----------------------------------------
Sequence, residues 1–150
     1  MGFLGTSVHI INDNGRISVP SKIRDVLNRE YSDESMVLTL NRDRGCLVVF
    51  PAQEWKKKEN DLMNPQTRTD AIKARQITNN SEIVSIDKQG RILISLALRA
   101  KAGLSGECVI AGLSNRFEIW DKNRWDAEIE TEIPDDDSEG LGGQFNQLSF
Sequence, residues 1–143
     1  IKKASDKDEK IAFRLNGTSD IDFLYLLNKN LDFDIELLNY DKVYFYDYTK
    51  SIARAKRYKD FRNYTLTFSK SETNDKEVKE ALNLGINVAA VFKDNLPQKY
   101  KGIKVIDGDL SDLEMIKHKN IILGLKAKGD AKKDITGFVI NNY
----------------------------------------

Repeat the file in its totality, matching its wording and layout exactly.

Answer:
Sequence, residues 1–150
     1  MGFLGTSVHI INDNGRISVP SKIRDVLNRE YSDESMVLTL NRDRGCLVVF
    51  PAQEWKKKEN DLMNPQTRTD AIKARQITNN SEIVSIDKQG RILISLALRA
   101  KAGLSGECVI AGLSNRFEIW DKNRWDAEIE TEIPDDDSEG LGGQFNQLSF
Sequence, residues 1–143
     1  IKKASDKDEK IAFRLNGTSD IDFLYLLNKN LDFDIELLNY DKVYFYDYTK
    51  SIARAKRYKD FRNYTLTFSK SETNDKEVKE ALNLGINVAA VFKDNLPQKY
   101  KGIKVIDGDL SDLEMIKHKN IILGLKAKGD AKKDITGFVI NNY